Posted: May 26, 2015 by saraherhodes in 1915

The Age of Miracles has not passed yet. Today I received a full week’s mail. The fact that it is a month old doesn’t matter in the least. It is just glorious to see your hand writing again. We seem to get absolutely to  the end of our tether, and think we can’t stand it another day if something doesn’t happen, or some letters arrive, when they turn up again. We all sent our names into H.Q. asking for our letters and didn’t expect them for about three days, but Guy Fisher happened to be in Cairo and managed to get me my lot of the 25th March. You can guess how I pored over them.

Things have been going very quietly here. A batch of 1500 reinforcements and returned wounded left for the “Front” this morning – wish I was with them.

General Bridges, Commander of the 1st Division A.I.F. was posthumously awarded the K.C.B. Reuters say that we avenged his death by repulsing the Turks on about the 18th. Casualties for Turkey 7,000 (2,000 of whom we killed) Ours totalled less than 500. The Turks applied for and obtained an armistice of two or three days ending the 23rd, to bury the dead – 3,000 were buried. This was only at the Australian Section, all killed between 15th and 20th. Yesterday the temperature here was at mid-day 102 degrees, and at 9pm 97 degrees. It has been very hot for several days now. The sun is like a blast furnace. The sort of weather you describe is what we used to have in Lemnos. It is hard to imagine fires. The letters I received today have all been up to the trenches, and then returned to Cairo with wounded marked on them. Guy Fisher had three returned with “killed”, and three with “wounded” on them, rather off, eh! “Six o’clock” would get scant sympathy here, it is an awfully thirsty country, here you get to know the “lime-kiln throat” with horrible frequency. All day we are just one bath of perspiration. If you lie or sit down you leave a damp mark. The last I saw of Roy Fordham was about 6 o’clock on the top of the first ridge, looking excited with a Turkish bayonet stuck in his belt, that he had taken from a dead Turk.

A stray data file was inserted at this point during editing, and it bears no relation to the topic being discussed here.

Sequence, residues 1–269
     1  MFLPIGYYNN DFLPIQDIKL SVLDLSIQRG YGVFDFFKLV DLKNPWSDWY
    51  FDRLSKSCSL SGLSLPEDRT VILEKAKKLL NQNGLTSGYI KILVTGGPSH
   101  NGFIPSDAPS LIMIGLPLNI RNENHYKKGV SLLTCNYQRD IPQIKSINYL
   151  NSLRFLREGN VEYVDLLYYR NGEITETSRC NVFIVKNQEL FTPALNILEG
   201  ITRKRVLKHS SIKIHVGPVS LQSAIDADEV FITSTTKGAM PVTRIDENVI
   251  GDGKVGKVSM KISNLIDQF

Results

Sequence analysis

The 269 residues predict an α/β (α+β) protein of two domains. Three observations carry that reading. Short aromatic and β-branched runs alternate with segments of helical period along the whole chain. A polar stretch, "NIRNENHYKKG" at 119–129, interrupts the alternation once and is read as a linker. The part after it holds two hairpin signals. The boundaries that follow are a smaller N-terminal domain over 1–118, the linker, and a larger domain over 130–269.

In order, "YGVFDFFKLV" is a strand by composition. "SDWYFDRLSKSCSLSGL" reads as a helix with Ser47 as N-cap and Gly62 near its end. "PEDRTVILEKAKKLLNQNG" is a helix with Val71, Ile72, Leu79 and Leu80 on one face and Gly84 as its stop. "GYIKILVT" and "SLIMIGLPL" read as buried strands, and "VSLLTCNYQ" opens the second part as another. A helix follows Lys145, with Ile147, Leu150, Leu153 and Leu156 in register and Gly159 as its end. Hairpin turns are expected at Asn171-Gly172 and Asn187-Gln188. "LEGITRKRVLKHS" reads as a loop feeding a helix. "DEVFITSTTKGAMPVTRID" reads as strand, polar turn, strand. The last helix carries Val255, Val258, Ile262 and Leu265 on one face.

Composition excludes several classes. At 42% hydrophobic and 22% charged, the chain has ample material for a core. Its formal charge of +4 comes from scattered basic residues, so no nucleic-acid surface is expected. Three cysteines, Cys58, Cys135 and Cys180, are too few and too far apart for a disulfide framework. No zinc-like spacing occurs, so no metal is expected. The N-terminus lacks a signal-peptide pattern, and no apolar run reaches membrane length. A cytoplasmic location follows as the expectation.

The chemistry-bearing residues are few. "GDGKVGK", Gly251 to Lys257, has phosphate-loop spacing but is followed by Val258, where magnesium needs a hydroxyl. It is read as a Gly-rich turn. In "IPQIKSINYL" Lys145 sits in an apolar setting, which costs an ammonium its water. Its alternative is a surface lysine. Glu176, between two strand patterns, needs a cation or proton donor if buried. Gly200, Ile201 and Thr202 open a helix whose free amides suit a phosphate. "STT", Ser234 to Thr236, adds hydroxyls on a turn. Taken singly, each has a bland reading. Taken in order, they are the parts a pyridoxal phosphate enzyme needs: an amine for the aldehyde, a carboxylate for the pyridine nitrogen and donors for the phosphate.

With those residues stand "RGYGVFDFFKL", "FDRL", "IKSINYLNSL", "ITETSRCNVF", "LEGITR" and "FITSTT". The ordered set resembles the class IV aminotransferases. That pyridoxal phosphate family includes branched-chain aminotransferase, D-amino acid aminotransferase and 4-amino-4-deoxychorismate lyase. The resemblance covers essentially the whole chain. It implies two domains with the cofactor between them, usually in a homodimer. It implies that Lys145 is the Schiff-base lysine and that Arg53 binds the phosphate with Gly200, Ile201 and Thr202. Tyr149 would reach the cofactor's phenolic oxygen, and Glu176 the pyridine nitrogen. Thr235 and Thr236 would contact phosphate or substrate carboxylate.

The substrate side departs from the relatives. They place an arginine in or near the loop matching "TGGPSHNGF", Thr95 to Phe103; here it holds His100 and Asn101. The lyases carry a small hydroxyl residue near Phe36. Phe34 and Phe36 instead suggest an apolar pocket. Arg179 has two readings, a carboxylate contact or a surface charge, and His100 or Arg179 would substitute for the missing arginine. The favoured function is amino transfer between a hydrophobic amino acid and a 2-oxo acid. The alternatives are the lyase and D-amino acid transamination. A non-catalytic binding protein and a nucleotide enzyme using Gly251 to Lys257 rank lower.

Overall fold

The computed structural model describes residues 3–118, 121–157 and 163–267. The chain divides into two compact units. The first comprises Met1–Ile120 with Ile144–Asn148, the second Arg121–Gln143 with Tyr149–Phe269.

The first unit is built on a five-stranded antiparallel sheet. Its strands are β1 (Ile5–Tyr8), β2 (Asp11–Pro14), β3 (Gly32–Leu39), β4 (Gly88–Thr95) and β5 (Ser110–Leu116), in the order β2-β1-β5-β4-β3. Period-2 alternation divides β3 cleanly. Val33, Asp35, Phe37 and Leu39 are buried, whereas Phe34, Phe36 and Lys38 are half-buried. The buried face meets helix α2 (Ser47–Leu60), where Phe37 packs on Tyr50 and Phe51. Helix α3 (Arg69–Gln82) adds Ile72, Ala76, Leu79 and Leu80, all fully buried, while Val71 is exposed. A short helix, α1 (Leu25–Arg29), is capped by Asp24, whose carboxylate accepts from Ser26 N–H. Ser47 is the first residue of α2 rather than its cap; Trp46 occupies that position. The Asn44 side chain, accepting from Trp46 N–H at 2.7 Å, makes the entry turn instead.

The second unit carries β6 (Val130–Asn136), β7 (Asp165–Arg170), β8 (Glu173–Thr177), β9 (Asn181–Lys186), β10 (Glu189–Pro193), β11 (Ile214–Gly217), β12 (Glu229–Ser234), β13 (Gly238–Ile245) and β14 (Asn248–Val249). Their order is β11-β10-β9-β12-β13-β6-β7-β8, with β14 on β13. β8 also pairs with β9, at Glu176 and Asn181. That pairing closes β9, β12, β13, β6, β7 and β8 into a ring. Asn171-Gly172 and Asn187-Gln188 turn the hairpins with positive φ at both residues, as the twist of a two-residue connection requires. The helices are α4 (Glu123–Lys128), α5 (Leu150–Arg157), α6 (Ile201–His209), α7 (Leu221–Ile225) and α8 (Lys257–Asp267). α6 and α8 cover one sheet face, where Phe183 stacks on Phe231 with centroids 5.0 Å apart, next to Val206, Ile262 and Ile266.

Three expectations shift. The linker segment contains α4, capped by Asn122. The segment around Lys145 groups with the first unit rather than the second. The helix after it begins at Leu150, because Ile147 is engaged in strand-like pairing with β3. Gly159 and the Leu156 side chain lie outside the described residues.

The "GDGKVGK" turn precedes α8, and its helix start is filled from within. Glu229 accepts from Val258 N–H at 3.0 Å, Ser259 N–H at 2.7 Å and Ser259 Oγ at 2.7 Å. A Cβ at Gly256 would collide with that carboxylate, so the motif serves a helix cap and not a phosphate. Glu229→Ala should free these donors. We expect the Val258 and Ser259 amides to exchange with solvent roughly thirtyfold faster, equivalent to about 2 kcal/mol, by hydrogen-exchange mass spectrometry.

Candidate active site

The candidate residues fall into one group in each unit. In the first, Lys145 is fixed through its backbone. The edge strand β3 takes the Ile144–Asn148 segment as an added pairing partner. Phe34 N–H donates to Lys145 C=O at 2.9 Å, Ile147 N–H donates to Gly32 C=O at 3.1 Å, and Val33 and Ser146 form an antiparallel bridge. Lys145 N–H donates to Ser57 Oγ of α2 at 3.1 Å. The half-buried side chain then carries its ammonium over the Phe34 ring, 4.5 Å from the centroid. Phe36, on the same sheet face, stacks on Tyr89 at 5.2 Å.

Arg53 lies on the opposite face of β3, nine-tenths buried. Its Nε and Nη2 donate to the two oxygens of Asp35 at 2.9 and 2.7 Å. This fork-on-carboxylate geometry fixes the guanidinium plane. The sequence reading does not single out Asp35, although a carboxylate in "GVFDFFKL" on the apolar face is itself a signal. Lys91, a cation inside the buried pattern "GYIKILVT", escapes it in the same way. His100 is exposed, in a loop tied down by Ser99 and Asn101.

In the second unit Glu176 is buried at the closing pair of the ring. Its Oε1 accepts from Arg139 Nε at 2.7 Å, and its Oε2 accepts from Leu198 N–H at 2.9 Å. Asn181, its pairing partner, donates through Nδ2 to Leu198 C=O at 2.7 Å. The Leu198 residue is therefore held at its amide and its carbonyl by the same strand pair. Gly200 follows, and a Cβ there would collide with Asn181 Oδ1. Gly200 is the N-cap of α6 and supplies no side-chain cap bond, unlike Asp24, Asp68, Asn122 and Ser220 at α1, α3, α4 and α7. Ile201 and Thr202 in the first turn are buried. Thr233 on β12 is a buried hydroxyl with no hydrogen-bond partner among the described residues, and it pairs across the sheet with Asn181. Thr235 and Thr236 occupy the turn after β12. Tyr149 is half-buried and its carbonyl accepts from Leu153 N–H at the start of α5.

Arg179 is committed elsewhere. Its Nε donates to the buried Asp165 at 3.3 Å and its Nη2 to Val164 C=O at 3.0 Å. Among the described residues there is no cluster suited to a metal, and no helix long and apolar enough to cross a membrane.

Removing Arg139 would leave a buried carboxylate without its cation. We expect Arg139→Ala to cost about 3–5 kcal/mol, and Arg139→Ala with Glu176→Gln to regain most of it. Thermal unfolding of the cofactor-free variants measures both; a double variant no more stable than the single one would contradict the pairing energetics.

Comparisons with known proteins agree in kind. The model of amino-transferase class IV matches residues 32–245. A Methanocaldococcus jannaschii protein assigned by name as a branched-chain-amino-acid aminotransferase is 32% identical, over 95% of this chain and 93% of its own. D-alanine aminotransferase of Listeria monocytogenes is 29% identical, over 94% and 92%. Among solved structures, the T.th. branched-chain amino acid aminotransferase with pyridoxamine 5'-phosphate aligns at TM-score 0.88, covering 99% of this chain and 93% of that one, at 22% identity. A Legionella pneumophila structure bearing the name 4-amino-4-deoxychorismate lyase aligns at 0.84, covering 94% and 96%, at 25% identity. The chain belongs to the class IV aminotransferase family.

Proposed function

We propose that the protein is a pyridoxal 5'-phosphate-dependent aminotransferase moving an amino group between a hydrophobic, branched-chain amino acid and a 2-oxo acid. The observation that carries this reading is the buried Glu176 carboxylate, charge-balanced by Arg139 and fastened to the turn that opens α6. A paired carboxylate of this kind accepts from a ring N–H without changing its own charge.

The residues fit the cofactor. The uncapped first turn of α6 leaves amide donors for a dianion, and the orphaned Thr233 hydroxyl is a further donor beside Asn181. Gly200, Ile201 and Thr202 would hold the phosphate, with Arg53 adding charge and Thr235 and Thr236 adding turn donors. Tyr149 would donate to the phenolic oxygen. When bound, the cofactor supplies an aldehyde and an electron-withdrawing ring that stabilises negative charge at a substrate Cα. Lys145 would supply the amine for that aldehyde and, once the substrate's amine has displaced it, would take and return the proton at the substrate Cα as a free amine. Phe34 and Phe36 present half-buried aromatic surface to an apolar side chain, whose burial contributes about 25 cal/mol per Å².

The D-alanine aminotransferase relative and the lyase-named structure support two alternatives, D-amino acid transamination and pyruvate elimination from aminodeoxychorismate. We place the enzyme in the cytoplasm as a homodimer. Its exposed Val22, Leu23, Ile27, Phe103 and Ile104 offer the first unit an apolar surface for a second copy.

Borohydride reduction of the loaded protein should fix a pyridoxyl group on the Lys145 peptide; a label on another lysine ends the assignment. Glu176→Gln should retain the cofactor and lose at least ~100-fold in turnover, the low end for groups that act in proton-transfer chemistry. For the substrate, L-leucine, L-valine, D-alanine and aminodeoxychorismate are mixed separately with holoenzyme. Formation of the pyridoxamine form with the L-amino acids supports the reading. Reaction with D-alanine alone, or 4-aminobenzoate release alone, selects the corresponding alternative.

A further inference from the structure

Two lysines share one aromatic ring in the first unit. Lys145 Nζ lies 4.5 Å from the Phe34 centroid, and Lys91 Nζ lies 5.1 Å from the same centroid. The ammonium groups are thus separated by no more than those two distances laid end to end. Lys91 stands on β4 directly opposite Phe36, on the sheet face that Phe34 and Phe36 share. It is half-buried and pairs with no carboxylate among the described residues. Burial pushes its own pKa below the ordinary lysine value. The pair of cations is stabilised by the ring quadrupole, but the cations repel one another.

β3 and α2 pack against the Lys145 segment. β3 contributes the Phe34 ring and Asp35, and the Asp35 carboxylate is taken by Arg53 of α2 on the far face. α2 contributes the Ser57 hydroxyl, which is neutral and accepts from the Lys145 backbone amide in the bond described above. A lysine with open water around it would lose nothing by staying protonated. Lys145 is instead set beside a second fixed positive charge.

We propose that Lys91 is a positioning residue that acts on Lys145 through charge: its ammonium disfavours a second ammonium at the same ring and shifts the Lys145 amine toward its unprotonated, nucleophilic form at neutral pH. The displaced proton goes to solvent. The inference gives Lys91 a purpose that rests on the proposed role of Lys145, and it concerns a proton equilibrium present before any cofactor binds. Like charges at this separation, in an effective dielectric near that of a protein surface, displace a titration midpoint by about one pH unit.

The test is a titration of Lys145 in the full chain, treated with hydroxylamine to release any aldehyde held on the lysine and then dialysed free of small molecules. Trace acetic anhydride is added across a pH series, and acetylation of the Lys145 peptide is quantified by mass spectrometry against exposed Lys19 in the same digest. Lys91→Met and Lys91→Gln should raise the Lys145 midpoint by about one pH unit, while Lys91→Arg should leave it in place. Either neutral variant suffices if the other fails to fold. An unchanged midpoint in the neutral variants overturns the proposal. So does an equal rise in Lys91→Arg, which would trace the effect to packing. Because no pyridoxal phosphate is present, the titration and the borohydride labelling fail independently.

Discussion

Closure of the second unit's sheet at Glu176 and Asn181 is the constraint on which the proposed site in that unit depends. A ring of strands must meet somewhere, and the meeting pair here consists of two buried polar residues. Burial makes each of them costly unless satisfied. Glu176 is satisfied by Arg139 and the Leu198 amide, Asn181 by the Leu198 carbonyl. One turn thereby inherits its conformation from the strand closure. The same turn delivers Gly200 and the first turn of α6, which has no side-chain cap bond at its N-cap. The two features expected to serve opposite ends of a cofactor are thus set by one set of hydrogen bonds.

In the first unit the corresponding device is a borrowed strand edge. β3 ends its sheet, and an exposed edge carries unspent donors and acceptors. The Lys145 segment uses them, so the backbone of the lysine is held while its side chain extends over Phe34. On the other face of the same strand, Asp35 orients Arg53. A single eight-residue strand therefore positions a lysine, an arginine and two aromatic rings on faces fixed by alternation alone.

I have just been served with a nice drink of iced water, by a big ebony figure in a big white flowing garment and a red tarbosh on his head. We have a man in our room who saw the Bouvat sank in the Dardanelles. He is a R.M.L.I. man, and was at Antwerp, then the first landing at the Dardanelles. And now again.

A lot of things you mention haven’t turned up. The mufflers didn’t arrive, and up to date I have only had one lot of sox. I lost three good pairs in my pack. I expect DuRieu went up with the batch that went today, I wish I could have gone with him. You would write pages and pages of stuff if you only knew how much it is appreciated. That is why I often write such a lot of uninteresting drivel, thinking you will like it as much as I do – even if it is only for the sake of reading. One seems nearer to you when reading or writing. My glasses have come in very useful at times. I used them a fair amount in the firing line. I fancy it drew a lot of snipers fire on to me too – thought I was an Officer.

Mrs. Logan a British Resident here, has managed to get us a piano, also a gramaphone and about 26 records, when one isn’t going the other is. We have some fine pianists here and all day long the room is rocking with choruses, and whistling to all the latest (when we left) and popular airs, especially ragtime.


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